Attention all car owners! You must declare what you share
Do you earn income through car sharing platforms? If you do, it is important to include the income – no matter how little – in your tax return. It’s no different to anyone else renting out an asset, like a house or a car park. You must declare the income and you cannot avoid tax by calling it a hobby.
The growing popularity of third party services (eg Car Next Door, Carhood or DriveMyCar Rentals) has prompted the ATO’s interest.
Deductions that car sharers can claim
The good news is that individuals who rent their vehicle are entitled to claim some deductions.
The expenses claimed must relate directly to the renting, hiring or sharing of your car, and accurate records such as receipts must be maintained to back up all claims.
Car sharers can claim deductions for expenses like:
However, a deduction can only be claimed for cleaning and running expenses if you are responsible for them under your car sharing agreement. For example, different agreements require either the car borrower or the car owner to bear the costs of refuelling the car.
Do you use your car for private travel?
If you use your car for your own private travel, you will need to exclude all the related costs.
If you own a car jointly, you will need to declare income and claim expenses in proportion to your share of ownership. You must declare the income and claim the deductions in proportion to your ownership interest.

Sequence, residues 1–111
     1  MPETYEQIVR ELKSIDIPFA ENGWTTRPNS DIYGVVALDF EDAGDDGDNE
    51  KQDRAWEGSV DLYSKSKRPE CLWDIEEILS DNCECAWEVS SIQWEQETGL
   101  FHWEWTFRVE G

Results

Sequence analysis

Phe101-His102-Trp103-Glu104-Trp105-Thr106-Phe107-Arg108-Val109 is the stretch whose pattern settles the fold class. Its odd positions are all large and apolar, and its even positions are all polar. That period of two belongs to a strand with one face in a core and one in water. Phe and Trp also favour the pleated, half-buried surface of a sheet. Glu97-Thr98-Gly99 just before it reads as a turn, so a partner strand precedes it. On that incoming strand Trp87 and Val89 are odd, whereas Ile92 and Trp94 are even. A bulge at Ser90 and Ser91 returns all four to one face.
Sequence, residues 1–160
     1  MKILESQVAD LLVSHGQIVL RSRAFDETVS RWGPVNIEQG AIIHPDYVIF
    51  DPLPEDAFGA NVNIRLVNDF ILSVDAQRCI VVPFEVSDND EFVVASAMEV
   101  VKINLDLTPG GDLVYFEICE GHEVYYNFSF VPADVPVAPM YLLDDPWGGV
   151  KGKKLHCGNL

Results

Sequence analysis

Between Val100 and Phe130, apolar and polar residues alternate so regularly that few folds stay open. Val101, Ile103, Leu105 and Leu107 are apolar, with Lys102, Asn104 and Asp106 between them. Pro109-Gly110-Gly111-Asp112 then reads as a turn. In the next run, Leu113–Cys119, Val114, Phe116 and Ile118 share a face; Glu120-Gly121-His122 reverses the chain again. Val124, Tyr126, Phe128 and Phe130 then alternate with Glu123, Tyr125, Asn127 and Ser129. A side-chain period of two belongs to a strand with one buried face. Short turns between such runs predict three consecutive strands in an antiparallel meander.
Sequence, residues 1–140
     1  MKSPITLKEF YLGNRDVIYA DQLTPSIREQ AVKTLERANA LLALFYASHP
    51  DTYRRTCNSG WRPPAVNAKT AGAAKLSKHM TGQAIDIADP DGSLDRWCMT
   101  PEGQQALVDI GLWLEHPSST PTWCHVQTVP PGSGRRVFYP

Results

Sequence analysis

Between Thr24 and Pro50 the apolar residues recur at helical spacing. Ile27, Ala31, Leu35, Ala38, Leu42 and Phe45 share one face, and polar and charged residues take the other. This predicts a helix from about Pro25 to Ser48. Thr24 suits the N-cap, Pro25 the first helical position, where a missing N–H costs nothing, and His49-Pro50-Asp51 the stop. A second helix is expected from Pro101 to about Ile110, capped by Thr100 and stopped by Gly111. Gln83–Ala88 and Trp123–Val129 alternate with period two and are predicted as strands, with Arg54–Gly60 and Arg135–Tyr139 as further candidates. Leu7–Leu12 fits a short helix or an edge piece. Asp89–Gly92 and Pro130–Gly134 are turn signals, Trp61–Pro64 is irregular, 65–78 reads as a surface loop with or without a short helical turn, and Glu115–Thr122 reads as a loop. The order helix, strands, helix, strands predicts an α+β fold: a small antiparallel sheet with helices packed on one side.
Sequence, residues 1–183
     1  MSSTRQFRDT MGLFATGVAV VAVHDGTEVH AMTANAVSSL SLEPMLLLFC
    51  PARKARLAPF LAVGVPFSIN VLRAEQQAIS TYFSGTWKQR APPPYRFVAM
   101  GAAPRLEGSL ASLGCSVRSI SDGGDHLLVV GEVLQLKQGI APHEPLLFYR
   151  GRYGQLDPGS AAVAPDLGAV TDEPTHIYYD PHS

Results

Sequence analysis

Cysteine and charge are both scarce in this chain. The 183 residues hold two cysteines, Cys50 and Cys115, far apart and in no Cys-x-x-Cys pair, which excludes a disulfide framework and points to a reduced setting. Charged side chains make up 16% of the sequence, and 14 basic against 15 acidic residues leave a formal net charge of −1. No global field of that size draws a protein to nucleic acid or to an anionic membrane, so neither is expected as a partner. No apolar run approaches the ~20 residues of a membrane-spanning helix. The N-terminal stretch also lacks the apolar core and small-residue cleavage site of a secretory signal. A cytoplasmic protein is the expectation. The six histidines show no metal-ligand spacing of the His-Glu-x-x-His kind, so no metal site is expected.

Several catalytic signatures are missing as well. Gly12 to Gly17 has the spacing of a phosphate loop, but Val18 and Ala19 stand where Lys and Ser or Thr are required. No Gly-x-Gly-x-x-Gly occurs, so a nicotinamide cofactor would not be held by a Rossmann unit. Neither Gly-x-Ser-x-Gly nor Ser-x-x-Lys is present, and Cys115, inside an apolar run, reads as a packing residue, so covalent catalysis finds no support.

Renting or hiring your car and GST reporting
If you are registered for GST, you must account for it on the extra income you have earned. If you are not registered for GST but your turnover from all of your enterprises is $75,000 or more per year, you need to register for and report GST.
If you report GST, you should also be able to claim credits on the GST included in the price for things you purchase for renting or hiring your car.
New rate for car expenses
The rate for work-related car expenses has increased for the income year starting 1 July 2018. It is now 68 cents per kilometre.
This applies if you have chosen to use the cents per kilometre method for calculating work-related car expenses and will remain in place until the Commissioner decides it should be varied.
If you are paying your employees a car allowance in excess of 68 cents per kilometre, you need to withhold tax on the amount you pay over 68 cents.
Key tax dates
21 Sep 2018
Aug monthly BAS due
22 Oct 2018*
Sep monthly BAS due
29 Oct 2018*
Sep quarter SG due
Sep quarterly BAS due
Sep quarter PAYG instalment due
31 Oct 2018
2018 income tax return due
21 Nov 2018
Oct monthly BAS due
28 Nov 2018
Sep quarter SG charge statement due
21 Dec 2018
Nov monthly BAS due
*Actual due date falls on a Sunday.
TaxWise® News is distributed by professional tax practitioners to provide information of general interest to their clients. The content of this newsletter does not constitute specific advice. Readers are encouraged to consult their tax adviser for advice on specific matters.